Hey BP, so I'm fairly new to the real estate game but I am extremely eager to learn any and all information possible. I am having trouble seeing the big picture when it comes to deal analysis so any help would be much appreciated. I am currently in a situation where one of the markets/areas I am looking in, I have enough cash (private lending/line of credit) to purchase properties with all cash offers. This area is not necessarily the nicest area but it does have success as rental property. Another area I am interested in, a little bit more up scale, has great sfr and multi-family duplexs, however, these deals are looking like they would be more of the conventional 20% down situation due to the higher priced market. My goal right now is to generate a long term portfolio of Rental properties so I am trying to decide if it's better to do an all cash purchase, which could lead to potential BRRRR style growth, verses going the traditional route with the possibility of house hacking as an option with the duplexes. Any advise is welcomed and if more details are needed I can provide those, thanks!
Hey Cameron, welcome to the game! It seems like you may be having less of a hard time with the deal analysis, and actually grappling with what type of property you may prefer to invest in. Over time, as you purchase different properties you may find what you purchase appealing, and stick with it, or appalling, and move on to a different type or asset class. Check out a response I gave to another aspiring investor on purchasing in lower asset class areas: https://www.biggerpockets.com/forums/669/topics/49...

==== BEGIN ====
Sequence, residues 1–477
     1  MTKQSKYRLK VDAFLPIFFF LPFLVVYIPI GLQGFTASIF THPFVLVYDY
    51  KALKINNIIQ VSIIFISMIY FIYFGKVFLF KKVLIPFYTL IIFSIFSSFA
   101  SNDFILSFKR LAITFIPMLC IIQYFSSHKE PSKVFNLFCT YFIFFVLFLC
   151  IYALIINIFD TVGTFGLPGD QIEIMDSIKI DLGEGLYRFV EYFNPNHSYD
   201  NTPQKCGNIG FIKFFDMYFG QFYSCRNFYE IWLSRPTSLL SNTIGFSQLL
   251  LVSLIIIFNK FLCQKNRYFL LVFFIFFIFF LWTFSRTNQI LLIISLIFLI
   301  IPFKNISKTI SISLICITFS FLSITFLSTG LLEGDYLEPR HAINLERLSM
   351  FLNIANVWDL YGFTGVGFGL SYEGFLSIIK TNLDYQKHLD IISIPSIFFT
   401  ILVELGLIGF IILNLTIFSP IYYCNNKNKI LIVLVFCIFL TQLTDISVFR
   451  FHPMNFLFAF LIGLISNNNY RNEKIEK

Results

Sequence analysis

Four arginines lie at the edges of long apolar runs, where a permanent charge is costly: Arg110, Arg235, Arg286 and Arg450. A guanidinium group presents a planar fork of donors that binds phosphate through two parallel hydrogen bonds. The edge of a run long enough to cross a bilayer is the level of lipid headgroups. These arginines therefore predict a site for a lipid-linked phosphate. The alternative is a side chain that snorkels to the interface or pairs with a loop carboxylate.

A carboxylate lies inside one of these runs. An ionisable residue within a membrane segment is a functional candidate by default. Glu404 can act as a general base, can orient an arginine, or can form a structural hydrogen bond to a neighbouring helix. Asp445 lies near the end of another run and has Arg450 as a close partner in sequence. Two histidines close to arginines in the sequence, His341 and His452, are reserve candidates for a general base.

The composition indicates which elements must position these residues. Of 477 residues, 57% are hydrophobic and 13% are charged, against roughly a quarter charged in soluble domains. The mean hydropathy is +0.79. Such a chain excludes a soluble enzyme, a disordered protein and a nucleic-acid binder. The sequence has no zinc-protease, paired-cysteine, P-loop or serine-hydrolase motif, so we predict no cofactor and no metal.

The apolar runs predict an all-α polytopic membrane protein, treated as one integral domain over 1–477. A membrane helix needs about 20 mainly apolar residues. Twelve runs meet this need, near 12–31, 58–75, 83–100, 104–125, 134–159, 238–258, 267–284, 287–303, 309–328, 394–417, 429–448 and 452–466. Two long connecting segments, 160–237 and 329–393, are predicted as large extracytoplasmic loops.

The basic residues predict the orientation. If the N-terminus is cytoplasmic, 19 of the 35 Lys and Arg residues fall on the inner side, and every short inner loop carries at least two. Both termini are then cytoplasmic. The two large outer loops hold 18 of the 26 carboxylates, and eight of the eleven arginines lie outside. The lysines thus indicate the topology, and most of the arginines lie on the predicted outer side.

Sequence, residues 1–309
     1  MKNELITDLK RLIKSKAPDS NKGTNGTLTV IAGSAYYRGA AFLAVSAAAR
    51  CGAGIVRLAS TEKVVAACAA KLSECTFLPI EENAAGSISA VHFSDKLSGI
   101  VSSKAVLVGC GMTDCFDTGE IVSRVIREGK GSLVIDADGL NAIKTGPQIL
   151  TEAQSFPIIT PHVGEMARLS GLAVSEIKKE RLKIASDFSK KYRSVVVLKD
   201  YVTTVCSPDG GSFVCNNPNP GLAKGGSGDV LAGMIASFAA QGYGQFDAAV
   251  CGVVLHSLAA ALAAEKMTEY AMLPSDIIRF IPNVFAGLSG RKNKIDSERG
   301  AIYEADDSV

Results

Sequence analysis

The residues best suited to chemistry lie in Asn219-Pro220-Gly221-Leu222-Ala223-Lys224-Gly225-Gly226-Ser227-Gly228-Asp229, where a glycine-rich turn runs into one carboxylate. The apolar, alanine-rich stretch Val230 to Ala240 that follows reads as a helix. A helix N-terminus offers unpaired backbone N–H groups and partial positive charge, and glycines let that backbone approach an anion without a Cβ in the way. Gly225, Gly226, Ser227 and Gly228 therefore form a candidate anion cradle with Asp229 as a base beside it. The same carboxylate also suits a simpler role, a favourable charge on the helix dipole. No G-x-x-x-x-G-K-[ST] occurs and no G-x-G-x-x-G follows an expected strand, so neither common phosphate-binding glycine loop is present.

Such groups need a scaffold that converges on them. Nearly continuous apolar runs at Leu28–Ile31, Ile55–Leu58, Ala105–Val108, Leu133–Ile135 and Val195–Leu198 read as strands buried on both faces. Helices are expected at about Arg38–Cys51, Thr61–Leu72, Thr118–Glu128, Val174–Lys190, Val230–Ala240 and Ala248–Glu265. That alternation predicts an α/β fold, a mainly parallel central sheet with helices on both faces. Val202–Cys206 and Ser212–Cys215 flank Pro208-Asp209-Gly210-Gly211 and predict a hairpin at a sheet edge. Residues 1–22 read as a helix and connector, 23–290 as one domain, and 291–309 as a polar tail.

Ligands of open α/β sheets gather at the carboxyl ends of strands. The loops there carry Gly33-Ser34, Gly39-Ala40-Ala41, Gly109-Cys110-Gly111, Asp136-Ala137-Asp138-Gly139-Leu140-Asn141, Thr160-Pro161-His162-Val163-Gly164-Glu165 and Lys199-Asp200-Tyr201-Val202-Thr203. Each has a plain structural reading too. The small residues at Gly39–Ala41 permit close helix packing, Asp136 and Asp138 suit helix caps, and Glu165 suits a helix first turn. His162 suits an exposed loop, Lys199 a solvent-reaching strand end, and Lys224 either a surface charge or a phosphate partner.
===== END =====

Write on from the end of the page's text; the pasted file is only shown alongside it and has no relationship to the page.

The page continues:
House hacking isn't a bad idea, I am doing that myself, still, even having been in the house for 10 years, and now I put it on steroids...I own a 3 unit, a flat and SFH on one parcel. I rent out the two flats, live in the SFH but also rent a room to a long term tenant, and run AirBnb out of my house as well (3bd/2bath).
I know many successful investors who started in lower asset class areas and eventually worked up to the higher asset classes, then I know those investors who started in the higher class and stayed there. You just have to know how much time and money you are willing to put in, because regardless of what you buy, you will either be putting the money in up front or over the long haul. Yes, higher asset classes may require a larger down payment, but they are probably in better condition overall, which means less time coordinating maintenance requests and fielding tenant phone calls and less large capital improvements (depending on the age of the building and how well it was taken care of by the previous owners). Lower asset classes may have older buildings which may require more frequent upkeep, however the cash flow could be much greater than a higher asset class just due to the lower capital injection at the start of the process.
Just make sure to account for all of your numbers when running a deal, and don't forget to add in number for maintenance and capital expenditures, because most people who don't account for those things are just fooling themselves. I hope this provides some direction!
Free eBook from BiggerPockets!
Join BiggerPockets and get The Ultimate Beginner's Guide to Real Estate Investing for FREE - read by more than 100,000 people - AND get exclusive real estate investing tips, tricks and techniques delivered straight to your inbox twice weekly!
- Actionable advice for getting started,
- Discover the 10 Most Lucrative Real Estate Niches,
- Learn how to get started with or without money,
- Explore Real-Life Strategies for Building Wealth,
- And a LOT more.
Sign up below to download the eBook for FREE today!
We hate spam just as much as you
Get the Ultimate Beginner's Guide
Sign up today to receive the popular eBook for free!